If your cat was previously diagnosed with kidney disease or renal failure, you will likely find that your vet is less enthusiastic about you switching them to a high protein diet. This is because, traditionally, veterinarians are taught that such a diet puts too much strain on the kidneys and are advised to prescribe low protein diets for cats with kidney problems.
However, recent studies have shown that this is a misconception and high protein is actually the way to go, especially for cats with kidney disease. The extra nutrition helps them to stay fit and healthy longer, which gives them a much better quality of life throughout the inevitable progression of the disease.
As cat parents, we often find ourselves wondering whether we are taking good care of our beloved cats and giving them all they need. They can’t tell us if something is wrong, so it really is a guessing game most of the time.
Unfortunately, research surrounding cats and domestic animals in general is still playing catch up to our obsession with these loving furballs, so in many aspects we are left to figure it out for ourselves. Don’t get me wrong, I definitely do not want to discount all the amazing veterinarians in the world that dedicate their lives to the well-being of our animal companions. But the sad truth is that they are often working with limited or outdated knowledge.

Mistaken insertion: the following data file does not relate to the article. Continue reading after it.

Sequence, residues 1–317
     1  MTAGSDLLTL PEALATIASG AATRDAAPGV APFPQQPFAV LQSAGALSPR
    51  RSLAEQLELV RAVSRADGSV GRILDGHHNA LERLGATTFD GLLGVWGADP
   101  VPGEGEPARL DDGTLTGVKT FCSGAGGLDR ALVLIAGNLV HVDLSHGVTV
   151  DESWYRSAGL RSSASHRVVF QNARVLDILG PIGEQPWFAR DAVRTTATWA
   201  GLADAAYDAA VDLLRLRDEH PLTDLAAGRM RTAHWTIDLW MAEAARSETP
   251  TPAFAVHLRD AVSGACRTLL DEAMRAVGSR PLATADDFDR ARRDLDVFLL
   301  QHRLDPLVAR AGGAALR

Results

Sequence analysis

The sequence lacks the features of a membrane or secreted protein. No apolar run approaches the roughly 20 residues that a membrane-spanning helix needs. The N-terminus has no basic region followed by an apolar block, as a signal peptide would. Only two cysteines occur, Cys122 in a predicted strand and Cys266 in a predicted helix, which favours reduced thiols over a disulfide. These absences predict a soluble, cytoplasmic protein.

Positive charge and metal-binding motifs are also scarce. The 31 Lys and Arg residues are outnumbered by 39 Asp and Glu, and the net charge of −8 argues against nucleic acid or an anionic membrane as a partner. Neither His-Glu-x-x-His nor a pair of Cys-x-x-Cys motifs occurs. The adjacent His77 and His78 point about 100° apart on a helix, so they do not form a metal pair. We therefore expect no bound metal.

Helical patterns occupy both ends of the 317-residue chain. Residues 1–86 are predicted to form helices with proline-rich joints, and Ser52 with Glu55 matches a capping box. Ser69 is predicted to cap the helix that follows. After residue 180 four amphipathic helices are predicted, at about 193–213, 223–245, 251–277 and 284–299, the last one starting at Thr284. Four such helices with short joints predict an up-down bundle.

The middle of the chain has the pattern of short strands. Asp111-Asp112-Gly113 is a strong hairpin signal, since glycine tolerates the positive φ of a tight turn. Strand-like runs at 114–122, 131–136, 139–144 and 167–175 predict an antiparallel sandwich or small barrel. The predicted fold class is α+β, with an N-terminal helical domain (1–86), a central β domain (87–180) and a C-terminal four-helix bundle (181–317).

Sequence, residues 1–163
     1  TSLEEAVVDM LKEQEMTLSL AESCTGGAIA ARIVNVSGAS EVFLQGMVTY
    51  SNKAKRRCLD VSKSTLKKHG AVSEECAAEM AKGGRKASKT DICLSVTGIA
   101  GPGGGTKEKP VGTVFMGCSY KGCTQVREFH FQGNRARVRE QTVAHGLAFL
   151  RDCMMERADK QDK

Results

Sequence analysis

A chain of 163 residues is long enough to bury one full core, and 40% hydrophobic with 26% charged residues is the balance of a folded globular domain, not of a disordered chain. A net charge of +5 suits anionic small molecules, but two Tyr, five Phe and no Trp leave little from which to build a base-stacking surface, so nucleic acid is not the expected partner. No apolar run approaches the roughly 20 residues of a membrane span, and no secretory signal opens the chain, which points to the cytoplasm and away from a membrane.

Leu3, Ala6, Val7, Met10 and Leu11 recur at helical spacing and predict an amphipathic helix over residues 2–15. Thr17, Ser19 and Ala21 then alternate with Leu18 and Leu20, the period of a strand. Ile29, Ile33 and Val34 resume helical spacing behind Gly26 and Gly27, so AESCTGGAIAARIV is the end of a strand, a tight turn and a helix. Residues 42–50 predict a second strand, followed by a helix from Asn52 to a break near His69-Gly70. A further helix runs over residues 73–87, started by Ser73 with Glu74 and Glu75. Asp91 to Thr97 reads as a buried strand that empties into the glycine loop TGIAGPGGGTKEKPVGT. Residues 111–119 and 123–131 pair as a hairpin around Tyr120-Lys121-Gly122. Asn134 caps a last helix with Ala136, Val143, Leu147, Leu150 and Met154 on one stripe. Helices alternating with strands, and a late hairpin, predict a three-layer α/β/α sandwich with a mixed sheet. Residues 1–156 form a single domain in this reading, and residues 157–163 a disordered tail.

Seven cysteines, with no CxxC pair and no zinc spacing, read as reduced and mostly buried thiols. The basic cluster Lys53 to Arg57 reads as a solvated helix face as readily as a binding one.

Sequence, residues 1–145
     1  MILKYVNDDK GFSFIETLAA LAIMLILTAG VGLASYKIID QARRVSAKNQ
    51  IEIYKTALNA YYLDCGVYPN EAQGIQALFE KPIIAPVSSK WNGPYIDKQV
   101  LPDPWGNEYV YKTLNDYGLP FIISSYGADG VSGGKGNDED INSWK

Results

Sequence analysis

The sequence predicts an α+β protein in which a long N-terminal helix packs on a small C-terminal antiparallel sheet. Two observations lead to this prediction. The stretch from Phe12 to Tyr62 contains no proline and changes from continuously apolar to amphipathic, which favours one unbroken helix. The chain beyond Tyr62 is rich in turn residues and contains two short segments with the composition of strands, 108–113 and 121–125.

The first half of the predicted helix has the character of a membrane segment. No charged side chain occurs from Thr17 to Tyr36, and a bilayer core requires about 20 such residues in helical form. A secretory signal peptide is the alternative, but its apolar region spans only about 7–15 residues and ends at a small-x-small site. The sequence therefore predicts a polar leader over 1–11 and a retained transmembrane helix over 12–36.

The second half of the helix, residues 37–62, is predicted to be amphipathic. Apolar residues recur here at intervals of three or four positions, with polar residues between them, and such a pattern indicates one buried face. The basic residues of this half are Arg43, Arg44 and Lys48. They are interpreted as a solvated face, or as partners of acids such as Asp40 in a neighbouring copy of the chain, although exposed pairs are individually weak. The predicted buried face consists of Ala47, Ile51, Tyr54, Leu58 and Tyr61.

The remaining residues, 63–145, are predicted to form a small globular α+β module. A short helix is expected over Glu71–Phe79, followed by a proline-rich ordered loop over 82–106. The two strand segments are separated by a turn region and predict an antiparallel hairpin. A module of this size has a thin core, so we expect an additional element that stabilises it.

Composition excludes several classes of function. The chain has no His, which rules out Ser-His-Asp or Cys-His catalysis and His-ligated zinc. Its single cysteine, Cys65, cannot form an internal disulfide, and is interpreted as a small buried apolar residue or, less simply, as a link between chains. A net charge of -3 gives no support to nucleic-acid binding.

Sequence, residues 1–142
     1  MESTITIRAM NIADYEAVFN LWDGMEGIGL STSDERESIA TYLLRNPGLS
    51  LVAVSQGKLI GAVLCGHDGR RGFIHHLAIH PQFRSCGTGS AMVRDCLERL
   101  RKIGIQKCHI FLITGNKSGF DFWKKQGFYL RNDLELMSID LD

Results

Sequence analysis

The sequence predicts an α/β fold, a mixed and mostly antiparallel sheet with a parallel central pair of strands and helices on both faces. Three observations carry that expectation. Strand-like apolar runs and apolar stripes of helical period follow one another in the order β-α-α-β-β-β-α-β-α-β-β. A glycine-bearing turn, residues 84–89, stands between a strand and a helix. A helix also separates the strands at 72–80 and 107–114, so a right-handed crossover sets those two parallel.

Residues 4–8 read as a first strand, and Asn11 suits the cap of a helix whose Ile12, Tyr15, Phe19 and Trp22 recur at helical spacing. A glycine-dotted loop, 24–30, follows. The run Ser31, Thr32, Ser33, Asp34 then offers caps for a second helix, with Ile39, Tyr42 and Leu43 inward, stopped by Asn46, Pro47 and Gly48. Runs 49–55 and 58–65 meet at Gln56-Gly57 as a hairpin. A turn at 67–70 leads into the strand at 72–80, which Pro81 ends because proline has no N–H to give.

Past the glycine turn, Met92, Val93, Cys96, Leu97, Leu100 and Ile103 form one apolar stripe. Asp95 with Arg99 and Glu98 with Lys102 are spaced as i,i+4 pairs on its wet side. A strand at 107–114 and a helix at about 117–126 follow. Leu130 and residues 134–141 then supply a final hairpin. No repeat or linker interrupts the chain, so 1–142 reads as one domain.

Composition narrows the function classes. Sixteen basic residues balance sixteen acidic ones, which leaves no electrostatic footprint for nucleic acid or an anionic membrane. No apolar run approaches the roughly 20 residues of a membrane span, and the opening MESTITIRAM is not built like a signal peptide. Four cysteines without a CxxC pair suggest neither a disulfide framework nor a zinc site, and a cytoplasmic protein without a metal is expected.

At this point in time, taking into account the limited research that is available, plus all the anecdotal evidence from cat owners around the world, I feel confident in saying that freeze dried, high protein foods are a healthy solution for domestic cats. My elderly cat with renal insufficiency is definitely thriving on them.
That said, the science isn’t in on this one yet. So, whatever you decide to do, it is important to keep yourself updated on any new insights we all gain into the health and inner workings of cats. One way to do that is to stay in touch with us at Healthy Cat Guide. We make it our mission to stay on top of all things cat and always deliver you reliable and up-to-date information that you can put into action for your cat today.